By Rick VanSickle
When COVID-19 stole his job in the Ontario hospitality industry, then his wife’s job within two days of each other, Greg Lamb didn’t flinch — even when the couple discovered they were going to have baby.
Lamb had a simmering plan to start a business, a long-held dream to offer consumers one-stop online shopping for local wine, beer and ciders delivered right to your front door in one package.
He launched the new company, Ontario Beverages, in mid-October with five Niagara wineries, a cidery and a GTA brewery, including Megalomaniac, Kacaba, Featherstone, Calamus, Leaning Post, Sunnybrook and High Road Brewing Company.
“What makes OnBev unique is the fact that you can shop across many different producers and across wine, beer and cider and receive everything in one shipment with one shipping fee,” says Lamb, above. “I’m really focused on making it feel as if you’re pulling a bottle off the shelf and putting it in your cart. No minimums, no set packages, just buy whatever you want. As we grow I look forward to representing a majority of the Ontario craft alcohol industry and bringing all of those great producers into one easy to use forum.”
Lamb has been in the Ontario hospitality industry for over 15 years in a range of positions. When he lost his job due to the pandemic like so many in his line of work, Lamb found himself with the time to work on his “dream project” of building an online marketplace for Ontario produced wine, beer and cider.
“Despite losing my job, my wife losing her job, and finding out we were expecting all in a span of two days, I went to work and now we’re in the first phase of the launch,” he told Wines In Niagara.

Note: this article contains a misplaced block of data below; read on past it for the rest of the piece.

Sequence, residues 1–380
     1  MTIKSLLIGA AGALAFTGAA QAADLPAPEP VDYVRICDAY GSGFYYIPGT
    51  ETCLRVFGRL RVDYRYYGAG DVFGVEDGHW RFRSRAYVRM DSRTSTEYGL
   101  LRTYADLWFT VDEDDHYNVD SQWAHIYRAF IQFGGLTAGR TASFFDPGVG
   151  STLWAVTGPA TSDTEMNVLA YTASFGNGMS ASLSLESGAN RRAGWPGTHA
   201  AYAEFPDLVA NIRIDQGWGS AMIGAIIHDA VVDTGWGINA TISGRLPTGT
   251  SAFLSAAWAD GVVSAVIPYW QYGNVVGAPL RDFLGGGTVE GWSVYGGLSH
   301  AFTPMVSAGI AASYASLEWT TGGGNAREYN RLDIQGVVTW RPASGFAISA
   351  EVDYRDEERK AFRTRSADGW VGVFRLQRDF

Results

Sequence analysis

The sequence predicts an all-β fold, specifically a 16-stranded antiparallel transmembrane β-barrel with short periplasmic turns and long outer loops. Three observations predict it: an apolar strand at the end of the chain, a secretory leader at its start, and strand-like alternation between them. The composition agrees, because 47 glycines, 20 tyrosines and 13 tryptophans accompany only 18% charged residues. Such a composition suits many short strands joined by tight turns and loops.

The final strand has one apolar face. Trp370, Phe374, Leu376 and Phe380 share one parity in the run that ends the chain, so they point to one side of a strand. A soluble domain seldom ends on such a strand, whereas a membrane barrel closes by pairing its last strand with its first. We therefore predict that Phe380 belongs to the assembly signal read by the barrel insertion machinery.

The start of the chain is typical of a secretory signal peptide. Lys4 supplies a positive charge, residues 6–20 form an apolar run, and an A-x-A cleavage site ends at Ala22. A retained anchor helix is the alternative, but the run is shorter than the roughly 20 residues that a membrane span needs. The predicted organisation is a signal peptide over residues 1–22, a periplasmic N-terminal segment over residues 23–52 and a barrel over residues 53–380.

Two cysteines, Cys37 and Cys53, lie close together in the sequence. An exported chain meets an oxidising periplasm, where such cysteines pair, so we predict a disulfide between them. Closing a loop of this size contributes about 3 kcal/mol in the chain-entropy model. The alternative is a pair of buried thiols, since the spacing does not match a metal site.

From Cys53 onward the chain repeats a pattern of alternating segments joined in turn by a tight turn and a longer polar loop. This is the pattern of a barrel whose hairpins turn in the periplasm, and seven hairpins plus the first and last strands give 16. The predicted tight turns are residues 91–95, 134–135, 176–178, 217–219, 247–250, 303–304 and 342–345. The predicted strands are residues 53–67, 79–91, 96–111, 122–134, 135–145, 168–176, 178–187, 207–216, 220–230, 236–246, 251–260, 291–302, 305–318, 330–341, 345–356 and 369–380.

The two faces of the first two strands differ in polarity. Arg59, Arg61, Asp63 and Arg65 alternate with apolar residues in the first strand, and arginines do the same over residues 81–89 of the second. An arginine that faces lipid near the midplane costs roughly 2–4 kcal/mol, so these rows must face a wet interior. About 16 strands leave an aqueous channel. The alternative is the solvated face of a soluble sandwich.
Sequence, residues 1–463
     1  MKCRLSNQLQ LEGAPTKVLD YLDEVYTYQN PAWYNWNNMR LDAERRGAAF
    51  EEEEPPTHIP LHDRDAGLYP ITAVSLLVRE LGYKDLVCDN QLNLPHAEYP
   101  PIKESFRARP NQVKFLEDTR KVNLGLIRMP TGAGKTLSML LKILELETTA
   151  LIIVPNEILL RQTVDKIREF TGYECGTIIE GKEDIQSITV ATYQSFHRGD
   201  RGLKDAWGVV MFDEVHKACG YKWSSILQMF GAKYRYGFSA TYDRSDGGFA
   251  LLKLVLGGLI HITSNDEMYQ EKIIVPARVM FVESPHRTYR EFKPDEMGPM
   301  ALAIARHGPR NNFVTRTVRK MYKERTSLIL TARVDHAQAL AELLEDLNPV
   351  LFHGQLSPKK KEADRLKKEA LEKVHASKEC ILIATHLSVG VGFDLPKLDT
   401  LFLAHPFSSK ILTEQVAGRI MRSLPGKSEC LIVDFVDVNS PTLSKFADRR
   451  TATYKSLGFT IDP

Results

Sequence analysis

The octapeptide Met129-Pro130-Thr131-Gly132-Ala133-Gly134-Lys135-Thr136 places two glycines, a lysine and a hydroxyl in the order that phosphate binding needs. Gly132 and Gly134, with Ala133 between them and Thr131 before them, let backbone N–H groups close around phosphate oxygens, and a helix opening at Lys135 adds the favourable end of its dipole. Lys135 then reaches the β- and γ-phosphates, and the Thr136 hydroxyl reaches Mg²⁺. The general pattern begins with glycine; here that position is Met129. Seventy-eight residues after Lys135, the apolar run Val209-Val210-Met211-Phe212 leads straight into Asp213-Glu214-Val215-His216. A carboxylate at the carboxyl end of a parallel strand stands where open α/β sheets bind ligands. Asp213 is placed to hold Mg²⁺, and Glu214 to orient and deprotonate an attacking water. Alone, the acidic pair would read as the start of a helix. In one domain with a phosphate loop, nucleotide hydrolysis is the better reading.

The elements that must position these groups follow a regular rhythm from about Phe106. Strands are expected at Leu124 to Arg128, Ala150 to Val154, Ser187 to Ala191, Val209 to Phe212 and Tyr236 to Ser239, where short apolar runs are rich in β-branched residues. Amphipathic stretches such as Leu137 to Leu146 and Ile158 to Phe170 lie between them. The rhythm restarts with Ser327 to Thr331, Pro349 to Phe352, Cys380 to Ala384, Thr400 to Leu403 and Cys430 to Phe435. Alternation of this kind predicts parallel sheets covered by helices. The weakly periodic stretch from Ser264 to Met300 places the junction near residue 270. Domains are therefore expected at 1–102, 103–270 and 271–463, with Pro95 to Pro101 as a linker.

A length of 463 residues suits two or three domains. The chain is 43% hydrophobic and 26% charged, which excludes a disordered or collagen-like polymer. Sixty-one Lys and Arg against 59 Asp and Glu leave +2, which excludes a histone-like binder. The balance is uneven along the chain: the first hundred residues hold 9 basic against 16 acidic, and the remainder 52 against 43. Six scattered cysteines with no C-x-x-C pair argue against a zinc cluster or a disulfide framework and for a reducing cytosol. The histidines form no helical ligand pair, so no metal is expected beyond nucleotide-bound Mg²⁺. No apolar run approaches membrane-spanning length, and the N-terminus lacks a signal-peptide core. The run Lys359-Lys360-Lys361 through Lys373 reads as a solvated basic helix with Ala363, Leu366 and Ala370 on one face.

Lamb says there was a need for a business such as OnBev. “Ontario has a very bad system for getting its products in the hands of its people,” he says. “The LCBO focuses predominantly on wines that sell for $15-$20 with high volume and little intrigue. The LCBO markups force the producers to accept a high volume and extremely small margin situation.”
Lamb says the Alcohol and Gaming Commission of Ontario (AGAO) also prevents any real private stores from existing. “It’s almost as though the LCBO, through manipulated market forces, is forcing the wine industry’s hand toward mediocrity,” he says. “But winemakers will never accept mediocrity. If you want some wines that are outside of the LCBO’s generic selection you have to go directly to the producers. When you’re buying online, typically you have to deal with minimum purchases or restricted delivery zones or both.”
He says that prevents people from actually shopping, along with the fact that you have to go to each producer’s website individually. “Even if you don’t mind making several purchases from several different sites, now you have several different shipments on the way and several shipping fees,” he notes. “Now apply all of that to beer and cider as well and I saw a big opportunity to bring the industry together.”
Lamb’s new online marketplace allows consumers to buy directly from the producer “while I maintain a certain look and feel to the marketplace and organize how the product gets to the consumer, he says. “I’ve found a shipping partner in ALM Crown that allows me to get into their process. The end result is that orders through the website accumulate throughout the week, and at the end of the week, I send out a summarized order to each producer for everything that has been purchased from them. ALM Crown picks up these weekly orders in one shot, and brings them back to a fulfillment centre and OnBev picks and packs everything into individual orders and ships them out. It’s in this way that the consumer can buy wine, beer and cider across as many producers as they like and receive everything in one easy delivery.
“The ultimate goal of OnBev is to incorporate the majority of the Ontario craft alcohol industry and to reach all major regions with our pick-up process,” he says. “When Ontarians think of quality wine, beer or cider, I want them to think of Ontario. I’ve seen with my own eyes the ironic lectures about the importance of “buying local” or “made in Canada” while the lecturer sips an Argentinian Malbec or Stella Artois. We have an incredible industry and we should be celebrating it every day.”